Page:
This dissertation analyzes the relationships between criminal thinking, alliance, and psychological functioning. Secondary data for 1,589 participants was analyzed using correlations, regressions, and path analysis. It was hypothesized that variables of criminal thinking would be associated with poorer alliance and psychological functioning, and that alliance would mediate the relationship between criminal thinking and psychological functioning. Criminal thinking was moderately correlated with alliance and outcome variables. In linear regression models, alliance and criminal thinking variables were significantly predictive of most outcome variables, controlling for sociodemographic variables. Criminal thinking showed moderate negative pathways to alliance and several of the outcome variables, alliance partially mediated only one outcome variable model. Findings indicate that offenders entering treatment with higher levels of criminal thinking are less able to develop alliance with their counselor and treatment, and will have poorer behavioral functioning and higher likelihood of relapse and recidivism post-treatment. Research and practice implications are discussed.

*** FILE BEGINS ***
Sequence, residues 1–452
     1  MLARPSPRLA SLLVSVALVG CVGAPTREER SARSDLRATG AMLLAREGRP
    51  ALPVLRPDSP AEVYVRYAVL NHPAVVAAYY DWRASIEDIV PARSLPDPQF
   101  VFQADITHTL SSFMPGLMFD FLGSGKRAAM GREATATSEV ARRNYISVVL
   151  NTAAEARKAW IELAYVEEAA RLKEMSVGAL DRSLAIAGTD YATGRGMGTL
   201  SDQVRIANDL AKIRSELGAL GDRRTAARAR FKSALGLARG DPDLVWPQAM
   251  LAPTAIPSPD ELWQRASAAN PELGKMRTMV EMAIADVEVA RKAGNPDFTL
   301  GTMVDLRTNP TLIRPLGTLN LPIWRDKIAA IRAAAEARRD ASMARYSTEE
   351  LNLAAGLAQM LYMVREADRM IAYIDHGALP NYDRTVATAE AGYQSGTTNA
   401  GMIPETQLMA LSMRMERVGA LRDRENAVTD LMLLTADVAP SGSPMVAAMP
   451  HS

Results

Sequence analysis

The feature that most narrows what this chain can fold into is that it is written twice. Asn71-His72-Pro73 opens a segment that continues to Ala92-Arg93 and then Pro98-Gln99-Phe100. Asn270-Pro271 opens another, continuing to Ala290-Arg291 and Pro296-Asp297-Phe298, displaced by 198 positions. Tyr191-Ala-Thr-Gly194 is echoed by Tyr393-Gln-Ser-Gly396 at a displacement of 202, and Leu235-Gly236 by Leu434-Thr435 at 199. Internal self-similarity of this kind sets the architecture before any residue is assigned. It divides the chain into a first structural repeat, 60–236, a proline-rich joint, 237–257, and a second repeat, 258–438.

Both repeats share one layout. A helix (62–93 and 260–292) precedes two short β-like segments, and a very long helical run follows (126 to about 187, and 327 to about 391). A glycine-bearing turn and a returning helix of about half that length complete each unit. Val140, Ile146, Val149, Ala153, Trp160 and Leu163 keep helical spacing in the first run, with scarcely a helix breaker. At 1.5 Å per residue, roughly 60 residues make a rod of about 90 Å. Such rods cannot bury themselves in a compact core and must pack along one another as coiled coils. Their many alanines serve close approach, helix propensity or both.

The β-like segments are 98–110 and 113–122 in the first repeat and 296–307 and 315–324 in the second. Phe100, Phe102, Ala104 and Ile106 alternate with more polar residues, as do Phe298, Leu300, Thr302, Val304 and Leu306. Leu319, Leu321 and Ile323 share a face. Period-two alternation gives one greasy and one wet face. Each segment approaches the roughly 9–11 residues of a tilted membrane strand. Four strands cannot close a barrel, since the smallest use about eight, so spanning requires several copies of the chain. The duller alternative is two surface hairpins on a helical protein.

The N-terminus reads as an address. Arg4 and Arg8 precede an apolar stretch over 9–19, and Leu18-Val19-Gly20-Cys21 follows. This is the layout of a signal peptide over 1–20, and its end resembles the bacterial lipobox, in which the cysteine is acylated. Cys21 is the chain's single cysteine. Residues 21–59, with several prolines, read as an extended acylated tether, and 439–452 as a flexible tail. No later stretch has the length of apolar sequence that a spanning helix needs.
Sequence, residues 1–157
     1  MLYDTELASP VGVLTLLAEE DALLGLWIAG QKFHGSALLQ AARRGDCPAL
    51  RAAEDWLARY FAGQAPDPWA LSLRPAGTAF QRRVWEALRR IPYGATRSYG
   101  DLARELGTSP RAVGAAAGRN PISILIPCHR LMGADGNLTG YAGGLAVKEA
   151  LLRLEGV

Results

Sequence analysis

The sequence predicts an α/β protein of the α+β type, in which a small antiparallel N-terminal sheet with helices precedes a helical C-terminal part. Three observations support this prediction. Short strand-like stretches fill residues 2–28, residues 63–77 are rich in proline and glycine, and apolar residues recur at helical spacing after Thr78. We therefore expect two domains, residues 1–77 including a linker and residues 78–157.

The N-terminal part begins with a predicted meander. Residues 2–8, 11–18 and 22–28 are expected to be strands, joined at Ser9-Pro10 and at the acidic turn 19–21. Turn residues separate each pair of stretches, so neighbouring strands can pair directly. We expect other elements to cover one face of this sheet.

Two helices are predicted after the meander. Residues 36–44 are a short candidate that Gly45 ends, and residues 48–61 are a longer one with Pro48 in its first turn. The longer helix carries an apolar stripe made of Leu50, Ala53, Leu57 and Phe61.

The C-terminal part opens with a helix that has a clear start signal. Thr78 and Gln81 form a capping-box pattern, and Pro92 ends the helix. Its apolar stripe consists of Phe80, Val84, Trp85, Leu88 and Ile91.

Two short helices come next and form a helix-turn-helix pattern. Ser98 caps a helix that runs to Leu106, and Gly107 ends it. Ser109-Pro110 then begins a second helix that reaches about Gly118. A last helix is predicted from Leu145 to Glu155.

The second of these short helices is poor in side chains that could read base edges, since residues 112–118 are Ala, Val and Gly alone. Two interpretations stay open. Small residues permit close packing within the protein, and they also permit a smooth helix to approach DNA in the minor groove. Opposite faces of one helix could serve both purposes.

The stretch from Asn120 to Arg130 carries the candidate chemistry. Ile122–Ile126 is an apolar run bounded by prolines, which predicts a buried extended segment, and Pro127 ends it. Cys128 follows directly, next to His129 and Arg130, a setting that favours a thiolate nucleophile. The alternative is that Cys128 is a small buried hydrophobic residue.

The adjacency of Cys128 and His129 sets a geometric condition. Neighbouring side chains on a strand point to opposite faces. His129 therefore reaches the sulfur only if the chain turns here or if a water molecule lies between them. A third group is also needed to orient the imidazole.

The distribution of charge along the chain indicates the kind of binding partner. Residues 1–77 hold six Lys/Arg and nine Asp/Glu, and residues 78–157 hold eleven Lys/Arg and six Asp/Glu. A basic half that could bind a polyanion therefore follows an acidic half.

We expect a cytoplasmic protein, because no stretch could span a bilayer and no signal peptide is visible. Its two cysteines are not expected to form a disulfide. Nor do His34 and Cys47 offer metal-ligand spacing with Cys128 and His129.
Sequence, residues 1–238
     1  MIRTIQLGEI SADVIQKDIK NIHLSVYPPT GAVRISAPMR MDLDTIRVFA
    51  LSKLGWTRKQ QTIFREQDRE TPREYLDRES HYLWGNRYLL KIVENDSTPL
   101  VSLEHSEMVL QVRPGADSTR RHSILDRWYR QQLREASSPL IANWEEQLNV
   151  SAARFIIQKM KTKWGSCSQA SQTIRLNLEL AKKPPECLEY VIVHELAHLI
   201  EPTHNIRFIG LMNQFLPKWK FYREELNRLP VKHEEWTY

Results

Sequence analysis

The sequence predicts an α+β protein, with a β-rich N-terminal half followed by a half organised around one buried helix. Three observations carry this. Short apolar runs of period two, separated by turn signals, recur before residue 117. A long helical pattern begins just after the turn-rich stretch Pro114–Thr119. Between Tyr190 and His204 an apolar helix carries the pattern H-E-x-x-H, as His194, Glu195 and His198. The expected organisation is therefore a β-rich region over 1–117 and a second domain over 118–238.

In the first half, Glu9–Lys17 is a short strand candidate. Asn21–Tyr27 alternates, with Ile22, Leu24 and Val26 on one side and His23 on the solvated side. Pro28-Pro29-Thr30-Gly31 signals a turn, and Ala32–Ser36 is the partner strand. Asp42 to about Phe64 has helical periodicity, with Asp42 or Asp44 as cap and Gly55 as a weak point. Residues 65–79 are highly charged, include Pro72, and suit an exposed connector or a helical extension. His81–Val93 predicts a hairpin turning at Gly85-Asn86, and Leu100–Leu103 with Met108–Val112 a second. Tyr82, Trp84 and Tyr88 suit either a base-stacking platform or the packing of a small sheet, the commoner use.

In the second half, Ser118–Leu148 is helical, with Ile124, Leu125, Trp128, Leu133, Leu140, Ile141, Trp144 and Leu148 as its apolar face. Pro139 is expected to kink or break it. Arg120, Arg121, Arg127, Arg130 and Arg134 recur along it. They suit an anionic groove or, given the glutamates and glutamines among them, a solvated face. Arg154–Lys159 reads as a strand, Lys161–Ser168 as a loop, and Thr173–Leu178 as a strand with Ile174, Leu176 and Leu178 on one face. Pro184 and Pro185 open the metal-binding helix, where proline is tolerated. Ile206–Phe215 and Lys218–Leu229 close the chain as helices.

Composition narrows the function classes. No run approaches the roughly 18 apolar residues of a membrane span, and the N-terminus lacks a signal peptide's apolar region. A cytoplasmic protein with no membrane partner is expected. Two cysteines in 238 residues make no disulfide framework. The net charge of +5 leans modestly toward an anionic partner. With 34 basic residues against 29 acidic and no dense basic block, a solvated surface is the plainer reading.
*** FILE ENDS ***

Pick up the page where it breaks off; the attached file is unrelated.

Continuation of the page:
|Advisor:||Coleman, Daniel T.|
|Commitee:||De Leon, George, Farmer, Gregory L.|
|School Location:||United States -- New York|
|Source:||DAI-A 76/09(E), Dissertation Abstracts International|
|Keywords:||Alliance, Functioning, Offenders, Substance abuse treatment|
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